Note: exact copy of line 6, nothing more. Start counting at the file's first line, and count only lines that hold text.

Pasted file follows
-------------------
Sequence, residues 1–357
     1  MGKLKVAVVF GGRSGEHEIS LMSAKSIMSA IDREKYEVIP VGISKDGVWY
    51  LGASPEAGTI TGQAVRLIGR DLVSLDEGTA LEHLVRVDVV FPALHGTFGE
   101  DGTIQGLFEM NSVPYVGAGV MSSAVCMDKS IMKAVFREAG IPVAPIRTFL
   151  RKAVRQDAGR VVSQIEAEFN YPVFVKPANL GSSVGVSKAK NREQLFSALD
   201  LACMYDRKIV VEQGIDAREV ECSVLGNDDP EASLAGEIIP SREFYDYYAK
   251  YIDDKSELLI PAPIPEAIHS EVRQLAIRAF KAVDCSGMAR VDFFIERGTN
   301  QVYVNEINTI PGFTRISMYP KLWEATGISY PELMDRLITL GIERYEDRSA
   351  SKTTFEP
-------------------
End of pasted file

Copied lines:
   201  LACMYDRKIV VEQGIDAREV ECSVLGNDDP EASLAGEIIP SREFYDYYAK